When reared in good conditions, tilapia shouldn’t pose any health risk. However, due to different fish farming standards and techniques used throughout the world, tilapia might not be safe for consumption. 

In most fish farms, tilapia is exposed to harmful environmental contaminants that may pose serious health risks to humans. While tilapia are naturally filter-feeders, they tend to dive deeper to the bottom in search of food in case there’s nothing to eat. For this reason, they’ll feed on contaminants and wastes that have sunk to the bottom. 

Also, according to the United States Food and Drug Administration’s report, more than 70 percent of fish farmed in China are fed on livestock feces. While it’s a cost-effective practice, it compromises the quality of fish produced and pose health risks to humans. 

The salmonella present in livestock feces tends to contaminate the water and lead to increased chances of contracting foodborne diseases. 

Secondly, farmed tilapia are constantly fed on antibiotics to keep them alive until harvest. Unlike those in natural habitats, they tend to be more susceptible to diseases. 

These antibiotics are detrimental to the health of the fish, as well as humans. People who consume fish meat with traces of these antibiotics are more susceptible to bacterial infection, as this alters their normal microbial environment.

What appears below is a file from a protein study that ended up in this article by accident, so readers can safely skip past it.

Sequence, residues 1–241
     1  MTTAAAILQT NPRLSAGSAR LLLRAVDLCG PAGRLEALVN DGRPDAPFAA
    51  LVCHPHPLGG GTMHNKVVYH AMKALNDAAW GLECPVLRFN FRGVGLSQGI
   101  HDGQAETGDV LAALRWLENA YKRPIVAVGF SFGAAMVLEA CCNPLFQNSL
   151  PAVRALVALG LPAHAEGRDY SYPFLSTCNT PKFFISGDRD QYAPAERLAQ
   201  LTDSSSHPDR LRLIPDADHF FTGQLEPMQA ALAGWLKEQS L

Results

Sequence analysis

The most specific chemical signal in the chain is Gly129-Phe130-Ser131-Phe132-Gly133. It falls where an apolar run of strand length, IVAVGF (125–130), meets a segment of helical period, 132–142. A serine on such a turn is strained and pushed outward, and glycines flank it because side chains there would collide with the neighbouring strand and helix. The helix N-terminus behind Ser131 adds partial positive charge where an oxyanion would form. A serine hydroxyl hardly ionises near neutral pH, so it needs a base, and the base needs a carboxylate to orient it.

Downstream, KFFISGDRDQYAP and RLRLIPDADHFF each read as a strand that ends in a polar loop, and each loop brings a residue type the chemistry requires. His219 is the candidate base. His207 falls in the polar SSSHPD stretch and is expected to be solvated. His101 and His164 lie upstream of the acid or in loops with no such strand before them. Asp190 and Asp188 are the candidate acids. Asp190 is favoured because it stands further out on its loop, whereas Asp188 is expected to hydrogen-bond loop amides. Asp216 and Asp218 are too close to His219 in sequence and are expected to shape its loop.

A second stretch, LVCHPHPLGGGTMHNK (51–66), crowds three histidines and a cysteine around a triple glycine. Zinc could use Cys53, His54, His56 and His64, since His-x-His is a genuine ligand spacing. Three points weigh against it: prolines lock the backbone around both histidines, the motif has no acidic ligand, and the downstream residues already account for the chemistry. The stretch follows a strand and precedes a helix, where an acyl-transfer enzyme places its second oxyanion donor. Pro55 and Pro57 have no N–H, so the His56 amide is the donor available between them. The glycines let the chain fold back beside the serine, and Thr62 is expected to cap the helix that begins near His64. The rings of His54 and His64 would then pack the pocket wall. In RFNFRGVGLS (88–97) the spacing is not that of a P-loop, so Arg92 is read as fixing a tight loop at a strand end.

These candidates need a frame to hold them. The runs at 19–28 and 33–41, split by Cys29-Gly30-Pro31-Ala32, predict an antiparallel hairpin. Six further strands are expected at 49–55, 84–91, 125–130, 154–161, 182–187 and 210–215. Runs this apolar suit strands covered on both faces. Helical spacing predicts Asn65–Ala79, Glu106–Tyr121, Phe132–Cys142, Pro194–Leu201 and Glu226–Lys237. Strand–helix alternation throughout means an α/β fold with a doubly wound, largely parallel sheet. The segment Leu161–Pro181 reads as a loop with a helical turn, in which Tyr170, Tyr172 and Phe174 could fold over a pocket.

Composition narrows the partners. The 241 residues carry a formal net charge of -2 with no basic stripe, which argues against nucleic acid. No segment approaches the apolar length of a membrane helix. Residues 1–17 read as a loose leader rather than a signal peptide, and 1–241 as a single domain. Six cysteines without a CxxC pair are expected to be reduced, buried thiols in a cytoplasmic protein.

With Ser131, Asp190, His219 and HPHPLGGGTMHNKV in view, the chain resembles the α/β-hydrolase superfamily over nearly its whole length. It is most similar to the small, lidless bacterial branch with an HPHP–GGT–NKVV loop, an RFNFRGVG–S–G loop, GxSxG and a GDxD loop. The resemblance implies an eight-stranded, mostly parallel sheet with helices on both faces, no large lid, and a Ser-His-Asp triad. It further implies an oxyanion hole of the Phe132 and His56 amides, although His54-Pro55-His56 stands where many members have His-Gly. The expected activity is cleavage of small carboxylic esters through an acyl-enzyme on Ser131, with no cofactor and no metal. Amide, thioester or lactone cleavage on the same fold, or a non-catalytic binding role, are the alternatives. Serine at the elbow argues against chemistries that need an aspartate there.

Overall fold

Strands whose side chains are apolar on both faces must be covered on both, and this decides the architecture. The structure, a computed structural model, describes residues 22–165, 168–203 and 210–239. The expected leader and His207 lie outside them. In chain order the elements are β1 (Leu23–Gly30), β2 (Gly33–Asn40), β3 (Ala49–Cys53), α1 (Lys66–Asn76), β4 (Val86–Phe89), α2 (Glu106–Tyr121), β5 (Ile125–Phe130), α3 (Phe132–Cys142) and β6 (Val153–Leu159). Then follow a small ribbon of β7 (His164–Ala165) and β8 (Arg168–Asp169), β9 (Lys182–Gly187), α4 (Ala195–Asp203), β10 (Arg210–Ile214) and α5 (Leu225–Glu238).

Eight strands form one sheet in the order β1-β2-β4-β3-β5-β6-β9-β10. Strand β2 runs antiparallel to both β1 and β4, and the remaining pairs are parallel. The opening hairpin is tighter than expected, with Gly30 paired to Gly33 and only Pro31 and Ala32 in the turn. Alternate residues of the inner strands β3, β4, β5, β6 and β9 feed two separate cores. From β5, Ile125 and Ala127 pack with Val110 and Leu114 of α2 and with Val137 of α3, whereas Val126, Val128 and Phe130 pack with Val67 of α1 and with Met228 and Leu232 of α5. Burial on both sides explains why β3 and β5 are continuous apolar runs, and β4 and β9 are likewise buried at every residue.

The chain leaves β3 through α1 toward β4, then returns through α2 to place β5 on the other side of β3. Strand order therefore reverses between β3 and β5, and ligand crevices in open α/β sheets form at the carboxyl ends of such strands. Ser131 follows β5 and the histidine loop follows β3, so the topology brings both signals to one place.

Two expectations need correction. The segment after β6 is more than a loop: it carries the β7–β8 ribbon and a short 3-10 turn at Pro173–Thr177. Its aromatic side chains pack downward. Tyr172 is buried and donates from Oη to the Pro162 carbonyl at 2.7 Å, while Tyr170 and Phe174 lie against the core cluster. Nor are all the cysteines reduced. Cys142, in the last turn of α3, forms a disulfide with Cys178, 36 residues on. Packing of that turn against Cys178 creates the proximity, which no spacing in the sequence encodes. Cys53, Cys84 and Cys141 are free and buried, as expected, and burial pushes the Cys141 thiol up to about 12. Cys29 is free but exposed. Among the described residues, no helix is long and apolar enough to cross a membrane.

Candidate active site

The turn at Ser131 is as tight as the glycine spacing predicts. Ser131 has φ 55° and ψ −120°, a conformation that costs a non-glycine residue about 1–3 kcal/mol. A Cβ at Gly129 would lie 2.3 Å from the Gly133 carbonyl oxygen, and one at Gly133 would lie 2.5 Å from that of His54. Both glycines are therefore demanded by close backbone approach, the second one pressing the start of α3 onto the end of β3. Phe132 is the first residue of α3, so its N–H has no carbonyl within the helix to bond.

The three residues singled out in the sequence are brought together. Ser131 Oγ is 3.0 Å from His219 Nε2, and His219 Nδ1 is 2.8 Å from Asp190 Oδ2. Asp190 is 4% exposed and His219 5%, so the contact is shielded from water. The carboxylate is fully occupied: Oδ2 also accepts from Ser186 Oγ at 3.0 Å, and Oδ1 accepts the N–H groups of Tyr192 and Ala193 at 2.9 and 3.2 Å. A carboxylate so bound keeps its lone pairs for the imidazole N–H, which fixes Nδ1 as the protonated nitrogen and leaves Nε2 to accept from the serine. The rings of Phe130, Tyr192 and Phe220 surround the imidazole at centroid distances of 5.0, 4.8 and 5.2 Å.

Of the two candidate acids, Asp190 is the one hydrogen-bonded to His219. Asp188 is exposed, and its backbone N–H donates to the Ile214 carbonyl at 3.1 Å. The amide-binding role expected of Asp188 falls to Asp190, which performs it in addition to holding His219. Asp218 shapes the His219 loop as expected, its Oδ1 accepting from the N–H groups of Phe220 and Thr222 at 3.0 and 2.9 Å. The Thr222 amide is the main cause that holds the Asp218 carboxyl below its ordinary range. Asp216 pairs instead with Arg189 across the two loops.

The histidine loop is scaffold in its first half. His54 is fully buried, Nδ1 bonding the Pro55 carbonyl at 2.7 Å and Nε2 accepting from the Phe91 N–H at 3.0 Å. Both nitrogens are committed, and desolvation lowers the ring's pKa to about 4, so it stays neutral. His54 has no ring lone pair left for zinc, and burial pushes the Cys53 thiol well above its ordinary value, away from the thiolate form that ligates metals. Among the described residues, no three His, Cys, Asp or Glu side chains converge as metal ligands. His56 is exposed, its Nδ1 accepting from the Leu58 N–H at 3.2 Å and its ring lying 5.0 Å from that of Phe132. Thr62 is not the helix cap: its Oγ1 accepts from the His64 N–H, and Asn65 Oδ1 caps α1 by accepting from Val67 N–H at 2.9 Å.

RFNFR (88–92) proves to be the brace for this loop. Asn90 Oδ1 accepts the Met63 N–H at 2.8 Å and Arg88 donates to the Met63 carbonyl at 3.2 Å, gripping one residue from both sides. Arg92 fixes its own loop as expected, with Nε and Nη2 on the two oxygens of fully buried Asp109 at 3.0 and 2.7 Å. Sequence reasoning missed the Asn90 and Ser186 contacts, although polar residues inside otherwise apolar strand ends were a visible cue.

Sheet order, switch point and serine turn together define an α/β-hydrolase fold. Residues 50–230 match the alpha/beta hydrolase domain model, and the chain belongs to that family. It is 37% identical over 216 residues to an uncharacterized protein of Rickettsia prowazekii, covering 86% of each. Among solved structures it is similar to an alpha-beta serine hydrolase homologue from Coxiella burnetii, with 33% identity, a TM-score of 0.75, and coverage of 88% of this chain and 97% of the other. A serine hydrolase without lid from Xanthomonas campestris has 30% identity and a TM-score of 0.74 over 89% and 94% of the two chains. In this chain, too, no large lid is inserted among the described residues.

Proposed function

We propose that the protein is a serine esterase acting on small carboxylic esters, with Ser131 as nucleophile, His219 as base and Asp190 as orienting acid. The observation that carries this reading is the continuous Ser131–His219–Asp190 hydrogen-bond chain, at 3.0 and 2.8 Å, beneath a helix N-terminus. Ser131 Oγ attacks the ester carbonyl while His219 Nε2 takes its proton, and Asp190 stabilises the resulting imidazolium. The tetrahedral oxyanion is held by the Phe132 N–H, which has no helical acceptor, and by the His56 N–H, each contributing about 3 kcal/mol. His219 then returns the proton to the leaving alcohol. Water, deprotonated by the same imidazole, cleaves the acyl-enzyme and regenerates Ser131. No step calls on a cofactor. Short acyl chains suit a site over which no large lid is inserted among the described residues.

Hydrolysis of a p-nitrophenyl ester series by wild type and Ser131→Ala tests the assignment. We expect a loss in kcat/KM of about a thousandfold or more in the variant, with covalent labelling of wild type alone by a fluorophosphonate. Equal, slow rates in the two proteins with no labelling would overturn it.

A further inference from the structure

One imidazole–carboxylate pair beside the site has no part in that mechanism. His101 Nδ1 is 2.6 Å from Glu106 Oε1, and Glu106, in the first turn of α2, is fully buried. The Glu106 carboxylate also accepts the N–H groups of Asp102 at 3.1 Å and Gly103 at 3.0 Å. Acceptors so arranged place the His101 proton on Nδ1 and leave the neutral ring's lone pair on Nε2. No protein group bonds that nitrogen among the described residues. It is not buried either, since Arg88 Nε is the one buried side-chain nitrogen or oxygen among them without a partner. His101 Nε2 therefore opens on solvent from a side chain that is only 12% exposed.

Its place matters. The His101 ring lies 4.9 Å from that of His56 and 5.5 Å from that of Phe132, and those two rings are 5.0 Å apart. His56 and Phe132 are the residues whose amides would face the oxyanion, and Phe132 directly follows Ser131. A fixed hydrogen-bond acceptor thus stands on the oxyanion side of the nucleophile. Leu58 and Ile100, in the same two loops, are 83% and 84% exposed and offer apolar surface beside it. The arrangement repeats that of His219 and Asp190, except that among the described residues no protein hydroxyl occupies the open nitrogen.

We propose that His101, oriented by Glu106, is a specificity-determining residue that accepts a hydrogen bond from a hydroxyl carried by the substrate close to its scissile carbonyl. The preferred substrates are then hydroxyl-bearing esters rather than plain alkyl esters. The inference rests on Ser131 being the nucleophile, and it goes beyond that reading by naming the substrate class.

Healthy Alternatives To Tilapia

Owing to the health concerns raised about tilapia, you may consider abandoning it for other kinds of seafood that offer similar benefits. Nevertheless, you can still stick to this fish variety provided it comes from a reliable source. 

Mostly, avoid tilapia from China as much as you can because they’re contaminated with livestock feces. You can eat tilapia from other parts of the world, especially those sourced from fresh-water lakes. 

Other sustainable sources include blue tilapia race farms in Peru, fish ponds in Ecuador, and fish farms in the U.S. and Canada.

If you’re not in a position to get tilapia from these sources, consider the following alternatives:

  • Cod
  • Salmon
  • Sardines
  • Mackerel
  • Tout

These fish have a lower fat content and contain fewer calories than tilapia. As such, they’re considered healthy tilapia alternatives. They’re also richer in omega-3 fatty acids. 

Additionally, unlike tilapia that’s hard to find wild-caught, most of these fish varieties are sourced from natural habitats. Therefore, you’re not exposed to the antibiotics and chemicals used in tilapia farming.

Tilapia is known to offer a wide variety of health benefits to humans. It’s rich in high-quality proteins and minerals that offer benefits such as boosting overall metabolism, promoting weight loss, and building strong bones. 

It’s one fish that you shouldn’t miss on your protein diet. However, it’s important to also consider the health risks it poses to humans depending on how it’s bred. If you’re able to get the fish from sustainable sources, you’re good to go.